I got to join my friends in another meal at Nanzan Giro Giro in May, and I thought it would be nice to share a part of that evening.
If I wrote this much sooner, I’d probably remember more about each dish. But that’s okay. Sometimes a detailed description gets in the way.
A Lychee Sake with Soda starts the dinner. Sparkle it up.
Sakizuke: Steamed Monchong, Takenoko, Kinome with Kahuku Corn Sauce and Arugula Sauce and Sweet Vinegared Paprika
The most colorful presentation of the bunch, the corn sauce was more like a refreshing cold soup. Nice touch with the pepper.
Wan: Green Peas and Crab Fritter Zucchini Tempura in Crab Miso, Clam White Miso Soup with Karashi Mustard
The fun thing about this course was that the fritter encased a little tempura of zucchini. Almost missed it.
Mukõzuke: Cured Ahi, Seared Tai, Trout Roe, Shiso, Wasabi over Corn Sprouts, Snow-Pea Sprouts, Radish Sprouts and Soy Bean Sprouts Sauce
This sashimi course took a slight detour using slices of cured ahi, and seared tai. Beneath the slices was a gentle crisp of assorted sprouts. Being that the theme of the month’s kaiseki was the planting of rice sprouts, it was appropriate.
Oshinogi: Grilled Yuan Hamachi over Kanbun Gonendõ Inaniwa Tenai Udon, Men-Tsuyu, Vinegared Cucumber and Sesame Seeds, Myõga Daikon Oroshi Ponzu Ginger Ichiimi and Sesame Seeds.
I’ve been particular to hamachi for a while now, especially since I like that it’s so buttery. But the noodles made it my favorite. The nuttiness of the sesame seeds danced with the refreshing bits of cucumber tossed in the udon, and when dipped, a splash of savoriness joined in the fun. I’d love to have a much bigger bowl of this by itself someday, hamachi included.
Kuzushi: Unagi Dashimaki with Foie Gras Sauce, Potato Olanda-Ni and Microgreens
I don’t really think of omelettes as dinner material. Even when I’m eating an omelette for dinner at an all-day breakfast place, I’m merely replacing dinner with breakfast. Hope that makes sense. This omelette though, made me rethink about that position a bit. Generous cuts of unagi in kabayaki sauce was smothered in egg, with a swash of foie gras sauce, making this the most luxurious course of the dinner.
Hashi-yasume: Pork and Gobo Katsu with Karashi Mustard, Eggplant in Sesame Vinegar with Myõga, and Shrimp Sunomono with Yuba and Wakame
My favorite of this trio was the spoonful of eggplant in that sesame vinegar. I’m liking the use of sesame more and more.
Shokuji: Duck and Uni Don, with Onion Yakidate, Nori and Wasabi
It’s weird for me to think that the only way I’ve been eating duck all my life was that plate of chopped roast duck at the local chop suey. So it was a delightful surprise to try it with some creamy uni. I wanted more.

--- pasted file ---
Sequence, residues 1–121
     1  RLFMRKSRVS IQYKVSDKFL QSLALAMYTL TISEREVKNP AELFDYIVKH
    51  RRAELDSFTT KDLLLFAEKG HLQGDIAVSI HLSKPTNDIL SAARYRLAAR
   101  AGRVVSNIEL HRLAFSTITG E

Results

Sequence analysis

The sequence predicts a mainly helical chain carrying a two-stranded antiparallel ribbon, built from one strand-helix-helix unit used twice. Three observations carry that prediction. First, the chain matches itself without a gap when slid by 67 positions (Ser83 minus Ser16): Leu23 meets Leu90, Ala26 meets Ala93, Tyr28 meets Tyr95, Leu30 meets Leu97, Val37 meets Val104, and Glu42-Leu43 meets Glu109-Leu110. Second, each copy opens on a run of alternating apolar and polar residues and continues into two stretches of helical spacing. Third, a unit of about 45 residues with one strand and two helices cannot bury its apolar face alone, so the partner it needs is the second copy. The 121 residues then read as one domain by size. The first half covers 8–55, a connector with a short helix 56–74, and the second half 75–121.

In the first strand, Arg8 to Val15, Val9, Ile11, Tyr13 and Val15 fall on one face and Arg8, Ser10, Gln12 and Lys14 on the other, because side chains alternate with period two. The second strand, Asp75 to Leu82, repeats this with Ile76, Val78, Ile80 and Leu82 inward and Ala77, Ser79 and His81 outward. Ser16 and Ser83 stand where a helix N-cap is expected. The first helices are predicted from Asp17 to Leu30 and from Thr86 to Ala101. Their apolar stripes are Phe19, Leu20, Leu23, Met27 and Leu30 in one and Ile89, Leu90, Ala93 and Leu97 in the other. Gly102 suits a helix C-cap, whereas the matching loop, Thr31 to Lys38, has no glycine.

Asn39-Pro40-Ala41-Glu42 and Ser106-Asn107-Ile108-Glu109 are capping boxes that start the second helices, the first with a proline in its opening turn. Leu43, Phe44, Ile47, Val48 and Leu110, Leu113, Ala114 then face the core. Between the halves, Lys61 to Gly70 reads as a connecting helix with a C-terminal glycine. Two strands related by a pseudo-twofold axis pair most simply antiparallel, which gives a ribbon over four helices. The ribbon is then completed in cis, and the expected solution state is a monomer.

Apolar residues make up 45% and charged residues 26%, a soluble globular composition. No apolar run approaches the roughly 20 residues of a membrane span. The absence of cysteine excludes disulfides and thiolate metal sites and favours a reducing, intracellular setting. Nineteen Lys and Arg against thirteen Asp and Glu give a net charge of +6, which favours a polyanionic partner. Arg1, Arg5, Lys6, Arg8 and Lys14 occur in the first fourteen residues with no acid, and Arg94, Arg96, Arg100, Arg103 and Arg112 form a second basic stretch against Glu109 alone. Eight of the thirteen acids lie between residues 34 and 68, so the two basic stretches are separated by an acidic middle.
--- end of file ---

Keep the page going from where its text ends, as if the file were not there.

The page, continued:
Tomewan: Tai Broth with Fried Tofu, Mitsuba and Ginger
It’s a good thing that this tai broth was joined with the duck and uni don. While that dish was a finale that urged me to stand in ovation, the broth was a gentle tap on the shoulder to sit back down and reflect. Without the duck and uni don to calm down, its place in the meal might have been lost to me. Warmth, comfort…Those words came to mind.
The kaiseki ended with that duo, but for a little more, you can add a pleasant coda to your meal. I obliged.
Amami: Chocolate Gateau with Strawberry Custard, Lime Macaròn and Jasmin Ice Cream with a Honey Whip
Tiny touches gave gentle nudges. Dinner is winding down, and it’s time to go.
Along with dessert comes a bowl of Green Tea Foam. And the goodbye.
Sometimes I wonder about meals like this – Not really about the price (Nanzan’s pretty affordable for this kind of meal), but more about how much to taste in one sitting. It can be overwhelming. I had that fear when I went there for the first time in December 2012, but after two meals, it’s not much of a concern. But still, I wonder. Maybe I just need to go to McDonald’s or something to keep things in perspective.
Note: Most of these shots were taken with my iPhone 4S using the Hipstamatic App, mostly with that Loftus camera lens filter.
Nanzan Giro Giro – Nanzan’s Giro Giro’s official site. Kind of surreal, and in Japanese. I can’t read it. I just stare at it.
Vintage Cave Honolulu – This will probably be THE place to taste a multitude of unique flavors. Opened in the bottom of Shirokiya in late 2012, this restaurant helmed by Chris Kajioka is scheduled to turn into a members-only club in late 2013. Will I have a chance to try this place? Maybe, if I find a rich old lady (preferably not a hag) to get me in. I simply can’t afford the minimum $50,000 membership.